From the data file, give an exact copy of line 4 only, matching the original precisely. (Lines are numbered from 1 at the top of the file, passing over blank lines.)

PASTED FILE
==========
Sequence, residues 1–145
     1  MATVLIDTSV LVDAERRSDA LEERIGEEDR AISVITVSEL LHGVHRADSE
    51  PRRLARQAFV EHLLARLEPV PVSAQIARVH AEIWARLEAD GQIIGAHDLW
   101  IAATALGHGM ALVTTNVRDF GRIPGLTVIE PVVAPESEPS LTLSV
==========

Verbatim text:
   101  IAATALGHGM ALVTTNVRDF GRIPGLTVIE PVVAPESEPS LTLSV